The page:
Editor's Note

Editor’s Note: Some thoughts on Conor Lamb

And why first impressions can be deceiving

U.S. Rep. Conor Lamb talks with students at Muhlenberg College on Sunday, April 3, 2022.

U.S. Rep. Conor Lamb talks with students at Muhlenberg College on Sunday, April 3, 2022. Marco Calderon

My first impression of Conor Lamb – prior to meeting him – was that he looked like the kind of guy who probably irons his socks, sings in the church choir and has never jaywalked in his life. But after watching him debate, I developed a level of respect for him I didn’t have before. At the recent U.S. Senate Democratic candidates’ debate at Muhlenberg College, co-hosted by City & State, Lamb was cool, confident and quick-witted. When his sole opponent, state Rep. Malcolm Kenyatta of Philly – Lt. Gov. John Fetterman dodged the debate – hurled accusations at him for voting with Republicans, Lamb defended himself by saying that his voting record aligned more with House Speaker Nancy Pelosi’s than with Donald Trump’s.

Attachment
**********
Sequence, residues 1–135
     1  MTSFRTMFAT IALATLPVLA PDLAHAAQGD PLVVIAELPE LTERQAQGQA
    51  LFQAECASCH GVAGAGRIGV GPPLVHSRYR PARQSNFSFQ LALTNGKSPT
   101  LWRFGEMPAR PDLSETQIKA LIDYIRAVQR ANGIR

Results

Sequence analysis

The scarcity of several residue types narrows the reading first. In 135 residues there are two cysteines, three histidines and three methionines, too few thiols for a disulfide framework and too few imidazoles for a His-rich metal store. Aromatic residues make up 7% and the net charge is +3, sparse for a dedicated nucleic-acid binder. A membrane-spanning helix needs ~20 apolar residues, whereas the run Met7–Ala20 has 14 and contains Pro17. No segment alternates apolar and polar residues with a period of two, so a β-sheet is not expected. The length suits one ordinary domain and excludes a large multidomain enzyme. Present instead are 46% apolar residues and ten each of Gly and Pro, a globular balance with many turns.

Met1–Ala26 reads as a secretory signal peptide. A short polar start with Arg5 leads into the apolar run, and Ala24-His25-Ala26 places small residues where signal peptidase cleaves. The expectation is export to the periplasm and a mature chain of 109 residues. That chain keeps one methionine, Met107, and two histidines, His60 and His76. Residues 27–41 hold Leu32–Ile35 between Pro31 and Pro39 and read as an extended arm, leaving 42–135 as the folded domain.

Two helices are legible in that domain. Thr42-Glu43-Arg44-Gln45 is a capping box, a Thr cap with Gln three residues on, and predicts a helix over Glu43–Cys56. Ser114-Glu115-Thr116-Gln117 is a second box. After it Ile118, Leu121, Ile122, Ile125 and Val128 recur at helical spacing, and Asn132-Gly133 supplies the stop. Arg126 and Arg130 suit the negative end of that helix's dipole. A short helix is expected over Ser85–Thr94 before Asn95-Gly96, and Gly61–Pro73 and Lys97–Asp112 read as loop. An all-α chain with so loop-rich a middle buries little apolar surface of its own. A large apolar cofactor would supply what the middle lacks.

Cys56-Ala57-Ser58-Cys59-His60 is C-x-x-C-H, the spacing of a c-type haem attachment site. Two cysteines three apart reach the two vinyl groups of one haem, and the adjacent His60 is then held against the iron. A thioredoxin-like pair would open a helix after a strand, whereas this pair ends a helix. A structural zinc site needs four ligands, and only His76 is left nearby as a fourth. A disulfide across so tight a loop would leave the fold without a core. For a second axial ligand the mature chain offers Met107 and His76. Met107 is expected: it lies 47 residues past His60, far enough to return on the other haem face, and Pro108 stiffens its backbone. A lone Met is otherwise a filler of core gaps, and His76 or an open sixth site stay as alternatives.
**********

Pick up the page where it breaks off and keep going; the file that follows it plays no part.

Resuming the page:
Beyond Lamb’s performance on the debate stage, his career in public service and the military also impressed me. At age 33, he pulled off a razor-thin upset in 2018 in a special U.S. House race in Pennsylvania in a Trump-dominated district in the western part of the state. He went on to win two more races – the general election later that year and reelection in 2020.

I respect that he served our country as a Marine and that he supports the Second Amendment. I also like that he claims to understand the needs of farmers and working-class people who believe that fracking is necessary to keep energy in Pennsylvania sustainable and accessible – and to improve the state’s fortunes overall. 

I sure hope this note doesn’t come across like I am fawning over Lamb – because I’m not. I simply have a better appreciation of how important it is not to judge a book by its cover.